Monthly Archives: April 2010

Why is The Hard Drive in My Computer Called “c:” ?

Well, I’m glad you asked. The first personal computer, the grand-grand-grandfather of the computer you’re using to read this, had  “floppy disk drives”, that used a thin magnetic disk for data storage. Sometimes a computer had two floppy disk drives, one for holding the operating system files that enabled the computer to function, and another for storing documents and other files. These 2 drives were labeled “A” and “B”. If there was a hard disk present as well, its designated drive letter would then of course be “C”.

OK but what’s with the colon after the letter? To be honest, I don’t know.  This is what I do know: back in the pre-Windows days, it was part of the path that showed where you where in a particular drive, in the tree directory. Don’t get confused. It’s very simple.  If  you have ever seen this in a computer monitor:


You get the idea. “c:” indicates the drive, “\” indicates that you are at the root directory, the first most basic directory, and “>” is an end symbol which indicates that after that comes whatever you as a user type. Typically a blinking cursor shows after that, so it looks like


(You’ll have to imagine the above cursor is blinking) 🙂

In modern Windows computers you can invoke a small black screen with the command prompt mode as described above by clicking on Start, Run, Command, or for Windows Vista/7, Start, typing “cmd” in the search box and pressing enter. Of course, the command prompt will probably look something like:


Or perhaps


Want it to look like “c:\>”? at that command prompt, type cd\ and press enter. Voila!

Anyways, when you open My Computer to look at files and whatnot, normally you will see under it a (C:) and under there, in a tree directory fashion, a number of folders. Well, now you know what that (C:) means.

How to Recognize an E-mail Scam

“I Just got an email that says…”:

1) I was just awarded a million dollars by Google.

2) That my email account needs to be verified and for that I need to provide certain information.

3) That the IRS needs me to fill out a form with personal information and fax it back to a fax number in Canada.

4) That UPS could not deliver my package because it doesn’t have my address, and needs the following data by return e-mail so if you could please fill out the attached form…

On and on ( laughable as they are, the above are actual scam e-mails making their way around the world). So, what do scam e-mails have in common? How can they be recognized?

1. They ask you for sensitive data, such as a password, social security number, bank account or credit card details, and so forth. And usually they offer a reward if provided or threaten a penalty if not provided.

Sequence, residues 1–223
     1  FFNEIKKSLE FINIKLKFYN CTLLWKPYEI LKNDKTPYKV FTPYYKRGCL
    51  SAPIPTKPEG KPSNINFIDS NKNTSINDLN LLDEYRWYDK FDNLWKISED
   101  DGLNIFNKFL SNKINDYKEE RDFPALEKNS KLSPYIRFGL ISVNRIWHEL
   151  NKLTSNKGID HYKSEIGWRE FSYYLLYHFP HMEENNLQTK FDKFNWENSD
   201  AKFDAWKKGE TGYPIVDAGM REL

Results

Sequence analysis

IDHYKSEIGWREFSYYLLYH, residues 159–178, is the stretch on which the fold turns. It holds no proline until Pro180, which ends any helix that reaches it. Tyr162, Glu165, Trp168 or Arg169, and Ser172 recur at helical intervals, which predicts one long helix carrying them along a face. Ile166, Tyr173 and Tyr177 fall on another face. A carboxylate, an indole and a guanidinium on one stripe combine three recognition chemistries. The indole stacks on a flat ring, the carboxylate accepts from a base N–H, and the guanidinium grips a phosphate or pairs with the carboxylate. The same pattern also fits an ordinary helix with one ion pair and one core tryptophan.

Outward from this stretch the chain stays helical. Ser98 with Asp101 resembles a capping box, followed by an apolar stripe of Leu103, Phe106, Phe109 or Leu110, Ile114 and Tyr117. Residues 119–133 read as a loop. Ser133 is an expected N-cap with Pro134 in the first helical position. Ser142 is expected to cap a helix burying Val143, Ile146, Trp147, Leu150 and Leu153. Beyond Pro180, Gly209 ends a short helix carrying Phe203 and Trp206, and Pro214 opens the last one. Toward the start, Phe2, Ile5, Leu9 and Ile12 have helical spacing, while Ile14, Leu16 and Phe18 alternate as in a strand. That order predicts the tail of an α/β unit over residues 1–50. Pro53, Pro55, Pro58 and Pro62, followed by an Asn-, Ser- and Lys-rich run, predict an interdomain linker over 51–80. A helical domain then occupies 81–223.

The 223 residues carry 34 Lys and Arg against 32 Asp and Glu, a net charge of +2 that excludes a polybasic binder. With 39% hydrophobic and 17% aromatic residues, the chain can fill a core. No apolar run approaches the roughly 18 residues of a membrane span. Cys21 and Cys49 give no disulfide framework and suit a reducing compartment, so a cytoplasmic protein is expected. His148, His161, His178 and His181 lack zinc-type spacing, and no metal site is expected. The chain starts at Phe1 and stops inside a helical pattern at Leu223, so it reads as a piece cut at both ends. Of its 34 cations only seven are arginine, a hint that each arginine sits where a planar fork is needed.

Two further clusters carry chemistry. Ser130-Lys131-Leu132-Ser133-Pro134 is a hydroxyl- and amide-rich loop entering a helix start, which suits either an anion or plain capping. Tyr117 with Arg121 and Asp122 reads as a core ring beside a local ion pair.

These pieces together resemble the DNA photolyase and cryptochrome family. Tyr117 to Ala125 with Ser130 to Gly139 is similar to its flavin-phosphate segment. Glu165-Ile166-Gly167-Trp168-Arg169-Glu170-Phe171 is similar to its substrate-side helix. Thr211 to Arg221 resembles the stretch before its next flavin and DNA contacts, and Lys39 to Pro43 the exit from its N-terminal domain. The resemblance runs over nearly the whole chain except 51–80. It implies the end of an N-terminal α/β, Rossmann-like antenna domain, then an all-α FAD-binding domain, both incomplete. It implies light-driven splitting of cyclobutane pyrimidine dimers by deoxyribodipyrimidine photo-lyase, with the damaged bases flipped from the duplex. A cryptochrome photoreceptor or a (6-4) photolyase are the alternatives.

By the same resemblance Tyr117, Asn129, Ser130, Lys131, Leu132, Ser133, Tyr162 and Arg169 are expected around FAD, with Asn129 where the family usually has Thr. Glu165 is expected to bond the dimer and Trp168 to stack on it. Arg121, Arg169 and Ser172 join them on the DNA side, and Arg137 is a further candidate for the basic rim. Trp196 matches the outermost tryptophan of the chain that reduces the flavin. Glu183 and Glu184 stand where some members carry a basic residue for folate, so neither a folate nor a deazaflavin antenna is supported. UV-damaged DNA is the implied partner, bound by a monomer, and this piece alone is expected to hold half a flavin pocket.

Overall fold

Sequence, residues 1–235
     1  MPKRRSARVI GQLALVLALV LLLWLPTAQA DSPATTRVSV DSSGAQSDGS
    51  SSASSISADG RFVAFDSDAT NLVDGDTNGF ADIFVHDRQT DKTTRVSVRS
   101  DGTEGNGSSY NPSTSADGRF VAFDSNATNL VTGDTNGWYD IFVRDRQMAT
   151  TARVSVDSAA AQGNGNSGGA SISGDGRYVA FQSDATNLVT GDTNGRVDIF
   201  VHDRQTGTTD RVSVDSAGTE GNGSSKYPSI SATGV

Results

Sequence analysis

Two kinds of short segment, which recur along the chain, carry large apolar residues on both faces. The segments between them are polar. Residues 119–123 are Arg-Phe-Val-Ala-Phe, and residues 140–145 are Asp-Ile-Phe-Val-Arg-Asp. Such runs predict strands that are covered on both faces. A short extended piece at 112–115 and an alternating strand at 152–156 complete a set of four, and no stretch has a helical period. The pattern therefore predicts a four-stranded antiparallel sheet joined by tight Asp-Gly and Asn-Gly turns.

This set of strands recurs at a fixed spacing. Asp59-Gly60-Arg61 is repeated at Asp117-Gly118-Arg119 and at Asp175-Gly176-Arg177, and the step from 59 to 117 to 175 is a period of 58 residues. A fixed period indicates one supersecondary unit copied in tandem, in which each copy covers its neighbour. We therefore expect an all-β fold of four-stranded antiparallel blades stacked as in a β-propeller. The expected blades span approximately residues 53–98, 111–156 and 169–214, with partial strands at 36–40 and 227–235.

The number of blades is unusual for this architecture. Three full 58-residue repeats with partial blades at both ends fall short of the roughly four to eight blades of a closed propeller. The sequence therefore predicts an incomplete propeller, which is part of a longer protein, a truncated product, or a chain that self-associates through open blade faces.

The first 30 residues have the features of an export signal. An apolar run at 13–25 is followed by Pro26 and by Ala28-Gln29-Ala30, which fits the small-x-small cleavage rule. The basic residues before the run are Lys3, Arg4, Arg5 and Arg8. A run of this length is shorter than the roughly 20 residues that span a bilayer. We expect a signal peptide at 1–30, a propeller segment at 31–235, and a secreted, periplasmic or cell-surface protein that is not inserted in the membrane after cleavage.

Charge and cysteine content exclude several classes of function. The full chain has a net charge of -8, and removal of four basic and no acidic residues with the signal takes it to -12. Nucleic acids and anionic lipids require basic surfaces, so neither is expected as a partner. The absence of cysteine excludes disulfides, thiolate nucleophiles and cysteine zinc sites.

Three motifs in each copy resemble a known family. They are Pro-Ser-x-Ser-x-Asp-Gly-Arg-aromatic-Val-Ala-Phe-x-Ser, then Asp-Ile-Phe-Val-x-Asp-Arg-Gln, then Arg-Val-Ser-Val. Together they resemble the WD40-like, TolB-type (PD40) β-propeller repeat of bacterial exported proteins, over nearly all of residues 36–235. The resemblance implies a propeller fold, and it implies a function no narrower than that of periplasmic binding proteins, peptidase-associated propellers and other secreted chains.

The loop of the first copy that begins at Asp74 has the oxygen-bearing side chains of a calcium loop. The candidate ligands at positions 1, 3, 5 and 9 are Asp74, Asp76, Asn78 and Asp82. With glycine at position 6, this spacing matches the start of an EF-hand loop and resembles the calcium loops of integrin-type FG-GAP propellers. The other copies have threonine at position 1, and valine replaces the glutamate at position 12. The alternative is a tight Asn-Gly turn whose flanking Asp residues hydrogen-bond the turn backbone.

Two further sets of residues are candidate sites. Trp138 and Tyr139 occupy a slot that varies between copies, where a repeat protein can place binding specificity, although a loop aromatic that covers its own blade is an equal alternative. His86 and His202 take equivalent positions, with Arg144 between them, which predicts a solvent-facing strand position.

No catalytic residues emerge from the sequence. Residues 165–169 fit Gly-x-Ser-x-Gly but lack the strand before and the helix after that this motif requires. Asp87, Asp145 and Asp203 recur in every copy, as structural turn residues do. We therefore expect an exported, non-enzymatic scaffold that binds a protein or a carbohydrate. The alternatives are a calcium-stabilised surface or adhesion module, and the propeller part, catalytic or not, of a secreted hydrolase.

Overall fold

2. They often are written with bad grammar or have glaring typos in them (like an email from Hotmail calling it “hot mail”)

3. They come from an e-mail address that is not related to where it’s supposed to be coming from.

In some cases they throw a curve because they ask for sensitive data and provide a file attached to the email, which one is supposed to use to provide the data. However the purpose of the e-mail is not to get your data, but to get you to open the attachment that is not what it appears and will infect your computer if opened, like the UPS example above. Pretty slimy.

So if you ever get an e-mail with any of the above points (especially the first point), know that it’s a scam, and don’t fall for it.  Delete it, report it if you know how to and feel like it. But whatever you do, don’t provide the information requested. Don’t even reply.

Emails – Secure Method of Communication?

To use a common comparison: Plain, unencrypted email is like a postcard with its message written with a pencil. It can be seen while in transit, and it can be modified as well. Since more people than not seem to be unaware of this fact, this is my contribution to changing that.

OK so now, what in the name of all that is holy can we do with that datum? well, you know now that if you are having correspondence by email, you shouldn’t write anything you don’t mind being seen by anyone other than the counterpart of your correspondence. Another thing you can do is implement email encryption, whereby the email is not in plain text anymore, but transformed into unintelligible characters so that it can’t be read or changed by unintended recipients while in transit, and then decrypted at the receiving end so the actual intended recipient can read the original message.

As far as encrypted email  goes, there are two main ways to go about it. One is web-based, meaning you have to set up an account on a website (just like you would do with a Yahoo or Hotmail account) and then use that account when you want to generate secure emails. Hushmail ( is a good example of that. Others exist as well. the second way is implementing encryption in your computer’s email client (Outlook, Outlook Express, Thunderbird, Eudora are some examples of email clients). By installing a program such as Comodo’s Secure Email (, this can be achieved.

Whichever method you want to use, encryption is the standard solution to ensuring privacy when it comes to emails.